Last fall, the IGBST released a study that predicted pathways male bears might use to get between the two places. Males are more likely to disperse, and the study predicted bears heading either direction are likely to use the Gravellies to the Tobacco Roots.

Before connectivity happens, though, van Manen said it’s likely that bears will continue expanding their range in places like the Ruby, gradually shortening the distance between occupied habitat in the two ecosystems.

“That observation from 2017 might have been kind of the first indication that we will maybe see more bears like that pop up in places like that,” van Manen said.

The U.S. Fish and Wildlife Service lifted federal protections from the Yellowstone bears in 2017. Several environmental groups and Native American tribes disagree that the bears are recovered, and they’ve challenged the delisting in federal court. The bears in and around Glacier National Park are still protected.

Some delisting opponents have argued that the conservation strategy doesn’t do enough to protect the grizzlies most likely to inch toward connectivity. There are areas outside of a nearly 20,000-square-mile monitoring area where the states of Idaho, Wyoming and Montana aren’t bound to any caps on discretionary kills.

Bears that do wander into these areas will be searching for something to eat. They might find calf carcasses in open dead piles, a pungent treat that invites human conflict and might seem like an easy meal to go for repeatedly.

Compost

Cattle die for all kinds of reasons. Diseases, both known and unknown. Calves can freeze to death in the cold. Some get put down after breaking a leg. It just happens. When it does, the rancher has to do something with the body. Usually, it means piling them up somewhere.

On the Ruby Dell Ranch, the pile is in a cow pasture out of sight from the road. A pile of baling twine and other ranch miscellany sit nearby. The garnet mine is to the east, the foothills of the Greenhorn Range to the south.

The grizzly that wandered through the valley wasn’t far from the dead pile. It didn’t appear that the bear messed with it, but Anderson was worried about it anyway.

“There’s an attractant there,” he said.

Piles like this exist on ranches all over the state. But, in some parts of grizzly country, ranchers and conservationists have collaborated to create pickup programs that pile them up in central locations, eliminating attractants on individual ranches. There are also a few composting facilities where carcasses are buried in wood chips or another material that facilitates quick decomposition.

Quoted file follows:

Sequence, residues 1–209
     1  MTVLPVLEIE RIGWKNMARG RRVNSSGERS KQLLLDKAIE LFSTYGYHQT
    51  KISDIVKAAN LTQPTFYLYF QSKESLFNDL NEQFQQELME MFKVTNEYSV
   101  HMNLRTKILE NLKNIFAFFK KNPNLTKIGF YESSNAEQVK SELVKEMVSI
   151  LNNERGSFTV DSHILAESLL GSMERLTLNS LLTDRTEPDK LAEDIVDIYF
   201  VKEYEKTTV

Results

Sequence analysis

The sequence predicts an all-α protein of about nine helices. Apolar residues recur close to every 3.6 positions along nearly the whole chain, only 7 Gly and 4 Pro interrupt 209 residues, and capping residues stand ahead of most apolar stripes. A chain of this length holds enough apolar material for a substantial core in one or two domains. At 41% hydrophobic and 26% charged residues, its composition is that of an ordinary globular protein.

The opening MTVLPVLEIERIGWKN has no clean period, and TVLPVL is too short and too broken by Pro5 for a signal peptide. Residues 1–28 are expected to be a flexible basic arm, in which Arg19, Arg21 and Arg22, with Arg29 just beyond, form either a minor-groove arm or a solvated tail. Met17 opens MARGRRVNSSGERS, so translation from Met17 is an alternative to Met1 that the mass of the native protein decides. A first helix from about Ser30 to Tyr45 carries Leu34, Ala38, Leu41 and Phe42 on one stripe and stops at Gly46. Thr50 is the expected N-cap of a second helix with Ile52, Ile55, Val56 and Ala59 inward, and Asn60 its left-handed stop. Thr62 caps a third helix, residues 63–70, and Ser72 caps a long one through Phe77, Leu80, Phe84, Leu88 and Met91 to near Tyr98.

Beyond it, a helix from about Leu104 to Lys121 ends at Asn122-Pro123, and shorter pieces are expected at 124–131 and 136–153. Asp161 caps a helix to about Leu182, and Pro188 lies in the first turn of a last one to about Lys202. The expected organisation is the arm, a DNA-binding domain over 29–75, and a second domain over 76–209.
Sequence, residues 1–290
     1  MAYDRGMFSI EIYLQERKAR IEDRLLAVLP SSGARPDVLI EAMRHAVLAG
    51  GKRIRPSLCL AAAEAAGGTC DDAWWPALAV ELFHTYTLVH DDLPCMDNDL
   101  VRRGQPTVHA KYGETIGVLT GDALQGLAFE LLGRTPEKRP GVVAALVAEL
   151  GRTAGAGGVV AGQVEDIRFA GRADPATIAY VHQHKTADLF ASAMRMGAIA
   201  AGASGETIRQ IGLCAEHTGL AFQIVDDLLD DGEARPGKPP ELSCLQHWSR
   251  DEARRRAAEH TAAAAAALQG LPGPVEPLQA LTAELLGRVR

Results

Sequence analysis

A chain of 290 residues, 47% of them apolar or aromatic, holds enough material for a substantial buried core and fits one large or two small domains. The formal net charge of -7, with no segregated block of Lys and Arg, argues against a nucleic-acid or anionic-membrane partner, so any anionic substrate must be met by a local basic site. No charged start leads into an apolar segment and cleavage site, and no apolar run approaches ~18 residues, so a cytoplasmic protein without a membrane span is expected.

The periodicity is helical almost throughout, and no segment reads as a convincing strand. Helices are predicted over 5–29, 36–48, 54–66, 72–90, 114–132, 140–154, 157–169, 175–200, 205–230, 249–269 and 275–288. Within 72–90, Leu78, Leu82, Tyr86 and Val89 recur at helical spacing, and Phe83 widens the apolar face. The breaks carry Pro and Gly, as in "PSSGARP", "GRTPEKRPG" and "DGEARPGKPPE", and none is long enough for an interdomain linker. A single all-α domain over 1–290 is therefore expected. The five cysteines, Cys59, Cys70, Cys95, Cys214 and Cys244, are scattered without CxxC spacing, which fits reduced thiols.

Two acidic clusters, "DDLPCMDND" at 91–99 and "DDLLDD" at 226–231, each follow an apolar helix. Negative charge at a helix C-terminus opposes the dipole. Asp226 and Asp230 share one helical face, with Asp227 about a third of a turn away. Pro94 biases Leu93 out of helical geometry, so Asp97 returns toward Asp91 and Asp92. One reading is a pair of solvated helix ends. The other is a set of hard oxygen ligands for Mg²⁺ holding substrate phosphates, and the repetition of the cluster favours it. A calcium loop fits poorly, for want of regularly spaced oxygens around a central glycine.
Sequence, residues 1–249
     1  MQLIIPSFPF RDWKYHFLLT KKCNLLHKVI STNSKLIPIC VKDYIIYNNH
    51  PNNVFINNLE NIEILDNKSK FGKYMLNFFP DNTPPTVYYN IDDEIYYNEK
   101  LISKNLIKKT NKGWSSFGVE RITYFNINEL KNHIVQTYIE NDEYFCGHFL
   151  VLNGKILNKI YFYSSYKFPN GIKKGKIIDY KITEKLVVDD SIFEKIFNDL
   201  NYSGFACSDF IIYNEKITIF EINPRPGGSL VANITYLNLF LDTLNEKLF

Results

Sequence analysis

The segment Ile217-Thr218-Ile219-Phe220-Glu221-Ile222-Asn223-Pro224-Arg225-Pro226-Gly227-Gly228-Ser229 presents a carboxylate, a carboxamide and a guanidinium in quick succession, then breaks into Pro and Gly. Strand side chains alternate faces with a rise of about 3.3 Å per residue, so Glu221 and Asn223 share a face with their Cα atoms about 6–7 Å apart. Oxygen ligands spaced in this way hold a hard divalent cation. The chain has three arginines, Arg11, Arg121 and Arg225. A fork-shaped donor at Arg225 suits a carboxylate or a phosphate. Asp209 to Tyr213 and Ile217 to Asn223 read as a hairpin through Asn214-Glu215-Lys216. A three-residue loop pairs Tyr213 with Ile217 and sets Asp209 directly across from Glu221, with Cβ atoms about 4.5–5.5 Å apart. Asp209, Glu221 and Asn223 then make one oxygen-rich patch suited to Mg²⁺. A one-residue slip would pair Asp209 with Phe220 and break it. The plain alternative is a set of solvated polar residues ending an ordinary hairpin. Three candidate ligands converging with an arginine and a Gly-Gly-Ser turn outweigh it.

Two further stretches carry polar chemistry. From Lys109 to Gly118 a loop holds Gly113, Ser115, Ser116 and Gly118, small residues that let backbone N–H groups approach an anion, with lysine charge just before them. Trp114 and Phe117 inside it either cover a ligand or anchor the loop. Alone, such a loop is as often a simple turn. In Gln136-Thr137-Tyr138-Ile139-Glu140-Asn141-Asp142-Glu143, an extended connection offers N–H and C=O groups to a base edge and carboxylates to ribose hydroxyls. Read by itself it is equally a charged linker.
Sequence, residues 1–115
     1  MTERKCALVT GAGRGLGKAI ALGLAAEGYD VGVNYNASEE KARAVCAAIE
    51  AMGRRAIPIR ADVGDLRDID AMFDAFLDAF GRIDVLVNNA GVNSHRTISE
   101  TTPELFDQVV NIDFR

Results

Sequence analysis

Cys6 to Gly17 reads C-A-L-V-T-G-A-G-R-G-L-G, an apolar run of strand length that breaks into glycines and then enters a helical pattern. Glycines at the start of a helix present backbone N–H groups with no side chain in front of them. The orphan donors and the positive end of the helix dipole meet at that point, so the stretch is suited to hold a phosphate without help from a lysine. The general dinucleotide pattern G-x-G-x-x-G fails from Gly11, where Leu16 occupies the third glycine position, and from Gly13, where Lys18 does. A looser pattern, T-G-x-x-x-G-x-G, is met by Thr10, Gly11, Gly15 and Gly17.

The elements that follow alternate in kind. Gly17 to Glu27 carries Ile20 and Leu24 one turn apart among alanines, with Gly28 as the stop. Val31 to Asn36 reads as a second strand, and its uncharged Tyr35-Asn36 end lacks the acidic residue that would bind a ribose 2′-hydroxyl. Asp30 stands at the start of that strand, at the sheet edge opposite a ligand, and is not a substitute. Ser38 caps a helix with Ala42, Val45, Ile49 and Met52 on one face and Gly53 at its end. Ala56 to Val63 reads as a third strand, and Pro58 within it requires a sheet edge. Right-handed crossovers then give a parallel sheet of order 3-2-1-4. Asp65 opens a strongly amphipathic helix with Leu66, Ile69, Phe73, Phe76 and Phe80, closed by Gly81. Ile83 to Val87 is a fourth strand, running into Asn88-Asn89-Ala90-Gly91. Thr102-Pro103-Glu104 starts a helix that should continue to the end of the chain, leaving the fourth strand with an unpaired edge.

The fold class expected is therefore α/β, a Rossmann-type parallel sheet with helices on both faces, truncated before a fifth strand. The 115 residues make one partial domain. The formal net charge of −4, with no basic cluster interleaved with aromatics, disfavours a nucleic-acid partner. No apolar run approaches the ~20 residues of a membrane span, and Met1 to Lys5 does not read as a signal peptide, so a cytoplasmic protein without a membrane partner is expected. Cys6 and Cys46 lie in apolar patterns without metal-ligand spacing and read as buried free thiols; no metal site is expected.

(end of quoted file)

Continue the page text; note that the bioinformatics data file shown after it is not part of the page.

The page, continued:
There are compost sites in both the Blackfoot and the Big Hole valleys. There’s also one in Drummond. Proponents of the system say it completely erases the odor of rotting flesh.

“You can stand in the middle of a new pile and it smells like mushrooms,” said Rebecca Ramsey, who used to work for the Ruby Valley Conservation District and now works for Swan Valley Connections. “That’s why it doesn’t attract bears.”

Until she left the conservation district in 2017, Ramsey was trying to bring a similar program to the Ruby. Ranchers in the valley wanted a site and hoped they could get ahead of the arrival of grizzly bears. Conservation groups were willing to help.

In 2015, Madison County won a grant from the Montana Livestock Loss Board to help cover startup costs. The board, which pays livestock producers for animals killed by predators, gave the county a little more than $26,000.

Three years later, the idea is still just an idea.

Multiple attempts to secure a site failed. The original plan, and what supporters say was ideal, was having a compost facility at the Twin Bridges dump site. The location was centralized for the region, and supporters imagined that ranchers from the neighboring Jefferson and Beaverhead river valleys could bring carcasses there.

But the Madison County Airport Board opposed it. The dump site is close to the Twin Bridges Airport, which had recently expanded its runway to accommodate larger planes. The board worried it would attract birds, a significant safety hazard for airplanes.

“I’ve come very close to hitting eagles and other types of large birds,” said Scott Payne, a pilot and a member of the board. “They can go right through your windshield and kill you.”

Supporters of the site argued that its smell-muzzling powers would prevent bird problems, but the board didn’t budge. Payne said he worried the bodies wouldn’t always get buried immediately, like if one was dropped off on a weekend and nobody was there.